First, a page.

The requirements for an error allowing more simple clock arrangement are the following:

  • a) If the phase difference between a pair is faulty free-running clock circuits no larger than one is the first limit, this phase difference may not later than this later Limit amount (this results from the below too descriptive equation 4.2 according to table 4);
  • b) If the phase difference between a pair is faulty free-running clock modules larger than a second limit amount, this difference must be smaller with time become (self-synchronizing). The decline doesn't need to always be monotonous (this is shown in equation 4.3). The two limit amounts can be the same or different; in any case, they are smaller than a cycle half cycle.
FORMAL DESCRIPTION OF A TROUBLESHOOTING SYSTEM

Below, the "clock time" of a binary signal is determined as an integer that is increased by one with each signal transition. The cycle time of the signal ci (t) is ni and the cycle time of the signal di (t) is m (i). The shift of the signal ci (t) at the cycle time ni = k is called xi (k). The shift of the signal di (t) at the cycle time m (i) = k is called yi (k). Fig. 6 shows an example of these quantities in a timing diagram in which the time is measured, for example, in nanoseconds (10 -9 seconds). The shift of the signal concerned remains unchanged between two successive signal transitions.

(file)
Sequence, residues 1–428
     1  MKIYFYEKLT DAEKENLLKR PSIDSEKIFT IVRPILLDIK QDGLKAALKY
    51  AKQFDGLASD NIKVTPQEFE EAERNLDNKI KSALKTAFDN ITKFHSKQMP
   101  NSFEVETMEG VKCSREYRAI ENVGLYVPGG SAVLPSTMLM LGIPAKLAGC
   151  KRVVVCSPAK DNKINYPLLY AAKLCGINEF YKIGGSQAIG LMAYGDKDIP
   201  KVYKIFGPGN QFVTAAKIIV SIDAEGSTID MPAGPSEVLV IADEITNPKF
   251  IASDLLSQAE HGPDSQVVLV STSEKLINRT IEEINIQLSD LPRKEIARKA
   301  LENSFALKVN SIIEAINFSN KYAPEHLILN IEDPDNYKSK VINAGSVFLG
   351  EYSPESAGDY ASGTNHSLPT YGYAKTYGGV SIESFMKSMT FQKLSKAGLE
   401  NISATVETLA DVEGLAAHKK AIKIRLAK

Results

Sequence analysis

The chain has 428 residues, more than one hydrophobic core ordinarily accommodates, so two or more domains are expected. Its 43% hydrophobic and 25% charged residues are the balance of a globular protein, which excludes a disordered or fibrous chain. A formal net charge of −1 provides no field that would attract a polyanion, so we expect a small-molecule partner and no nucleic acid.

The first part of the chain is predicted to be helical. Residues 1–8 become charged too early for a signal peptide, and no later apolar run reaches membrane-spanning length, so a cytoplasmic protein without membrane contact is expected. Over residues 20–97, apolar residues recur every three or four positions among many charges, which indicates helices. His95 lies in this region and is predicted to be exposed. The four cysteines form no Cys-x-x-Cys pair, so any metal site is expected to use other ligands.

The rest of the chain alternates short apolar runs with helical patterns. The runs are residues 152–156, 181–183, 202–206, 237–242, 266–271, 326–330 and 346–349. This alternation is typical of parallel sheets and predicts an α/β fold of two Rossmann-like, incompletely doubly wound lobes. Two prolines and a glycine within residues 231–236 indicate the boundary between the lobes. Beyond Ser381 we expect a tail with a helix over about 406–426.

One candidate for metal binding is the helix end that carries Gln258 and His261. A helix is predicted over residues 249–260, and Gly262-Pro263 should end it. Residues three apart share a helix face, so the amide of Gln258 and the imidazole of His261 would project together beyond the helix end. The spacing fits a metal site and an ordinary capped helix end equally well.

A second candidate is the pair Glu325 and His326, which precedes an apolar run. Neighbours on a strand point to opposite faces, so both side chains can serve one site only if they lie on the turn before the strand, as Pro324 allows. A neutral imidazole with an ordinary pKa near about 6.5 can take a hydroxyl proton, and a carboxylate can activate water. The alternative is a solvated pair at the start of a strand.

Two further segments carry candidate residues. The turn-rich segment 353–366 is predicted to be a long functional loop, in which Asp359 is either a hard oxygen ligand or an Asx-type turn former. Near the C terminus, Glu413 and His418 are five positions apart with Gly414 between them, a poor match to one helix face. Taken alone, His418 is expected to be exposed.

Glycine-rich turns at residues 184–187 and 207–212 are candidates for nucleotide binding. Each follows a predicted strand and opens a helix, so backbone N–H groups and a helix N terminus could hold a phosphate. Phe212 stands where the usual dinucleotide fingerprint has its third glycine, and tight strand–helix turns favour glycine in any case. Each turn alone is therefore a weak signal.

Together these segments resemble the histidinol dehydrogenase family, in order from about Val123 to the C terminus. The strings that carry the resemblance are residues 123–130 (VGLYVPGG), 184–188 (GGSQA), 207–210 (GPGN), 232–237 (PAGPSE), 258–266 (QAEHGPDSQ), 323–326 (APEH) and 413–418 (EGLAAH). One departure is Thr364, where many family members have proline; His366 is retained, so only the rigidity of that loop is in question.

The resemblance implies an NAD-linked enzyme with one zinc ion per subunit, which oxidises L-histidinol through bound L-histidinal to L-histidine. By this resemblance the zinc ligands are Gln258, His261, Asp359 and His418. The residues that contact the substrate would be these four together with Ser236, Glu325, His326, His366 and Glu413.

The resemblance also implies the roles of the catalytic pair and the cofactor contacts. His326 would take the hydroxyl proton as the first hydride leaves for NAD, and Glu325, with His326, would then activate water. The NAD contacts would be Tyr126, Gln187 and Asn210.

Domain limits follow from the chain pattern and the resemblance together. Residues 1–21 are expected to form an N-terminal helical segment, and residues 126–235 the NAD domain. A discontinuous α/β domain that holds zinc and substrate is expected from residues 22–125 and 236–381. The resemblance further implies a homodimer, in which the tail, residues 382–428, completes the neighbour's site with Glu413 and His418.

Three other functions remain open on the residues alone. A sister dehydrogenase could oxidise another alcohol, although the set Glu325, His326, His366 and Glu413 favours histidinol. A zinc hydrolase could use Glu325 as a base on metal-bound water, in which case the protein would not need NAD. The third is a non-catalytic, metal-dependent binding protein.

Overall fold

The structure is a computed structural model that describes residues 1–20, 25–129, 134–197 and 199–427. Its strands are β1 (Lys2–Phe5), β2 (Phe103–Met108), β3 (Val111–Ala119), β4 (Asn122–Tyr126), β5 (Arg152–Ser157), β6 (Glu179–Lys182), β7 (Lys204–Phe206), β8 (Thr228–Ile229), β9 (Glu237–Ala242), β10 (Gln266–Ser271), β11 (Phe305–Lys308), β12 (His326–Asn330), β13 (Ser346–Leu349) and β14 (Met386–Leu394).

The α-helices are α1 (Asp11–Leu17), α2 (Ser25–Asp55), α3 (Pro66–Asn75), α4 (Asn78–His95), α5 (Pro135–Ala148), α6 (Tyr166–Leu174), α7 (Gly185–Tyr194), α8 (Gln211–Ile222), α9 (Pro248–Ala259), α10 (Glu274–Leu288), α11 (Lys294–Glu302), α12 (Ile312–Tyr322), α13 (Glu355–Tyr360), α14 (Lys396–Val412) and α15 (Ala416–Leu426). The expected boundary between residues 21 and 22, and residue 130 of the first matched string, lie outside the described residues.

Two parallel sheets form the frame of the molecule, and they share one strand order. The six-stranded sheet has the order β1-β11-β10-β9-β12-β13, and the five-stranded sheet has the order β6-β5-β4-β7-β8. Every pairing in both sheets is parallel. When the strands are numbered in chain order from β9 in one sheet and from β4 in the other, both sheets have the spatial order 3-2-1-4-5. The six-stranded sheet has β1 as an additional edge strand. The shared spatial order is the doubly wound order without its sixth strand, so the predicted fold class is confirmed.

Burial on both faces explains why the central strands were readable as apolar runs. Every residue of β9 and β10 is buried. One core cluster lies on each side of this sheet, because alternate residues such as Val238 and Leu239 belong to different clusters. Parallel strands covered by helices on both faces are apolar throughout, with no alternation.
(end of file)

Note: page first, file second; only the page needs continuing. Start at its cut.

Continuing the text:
There will still be the difference in time between two clock signals:

r (i, j) (k) = xi (k) - xj (k) for ci (t), cj (t)
s (i, j) (m) = yi (k) - yj (k) for di (t), dj (t)

In the description below, assume that the majority determiner instantly becomes the majority Function determines, and this determination is followed by a ver delay after which the binary majority signal takes effect becomes. There is also one at the input of the clock function generator Delay: together these delays are caused by Ti shown. At the exit of this delay that appears Signal di.

Let D be the closed interval between two real limits for which the function Fi is intended. For Fi it holds that for every value of x in the interval D the function Fi is continuous and differentiable and that its derivative is positive and less than 1. This derivative is the deviation reduction factor, ie the factor by which a deviation between two signals is reduced. For a high value of this factor, for example close to 1, the deviation is quickly reduced to a smaller value. If this factor is small, it takes longer to return the deviation to a small value. It was clear to the inventor that it is advantageous if the deviation reduction factor is substantially less than 1, for example below 0.8, because this reduces the susceptibility to faults because the fault is only partially delayed or delayed by one or more periods in the output signal is expressed. An accidental disturbance does not result in a loss of stability. The disadvantageous properties of the circuit according to FIG. 4 is also caused by the fact that the deviation reduction factor has the value 1: each deviation is completely passed on directly. An even smaller value is often advantageous, for example less than or equal to 0.5 or even between 0.01 and 0.1. In general, it is true that the stability of each separated clock circuit is increased at a lower value of the deviation reduction factor. On the other hand, the response speed to a change, for example, to a switch-on appearance decreases. In some cases it is very difficult to achieve the synchronization state with a low reduction factor. Nevertheless, positive results were obtained with such low values. For a crystal, a deviation reduction factor of 0.001, for example, can occur due to its great stability. The derivative of Fi is called Fi ′. Now be

Fi (yi (k) - xi (k)) - Fj (yi (k) - xi (k)) = ei, j (k);
xi (k + 1) = xi (k) + Fi (yi (k) - xi (k)).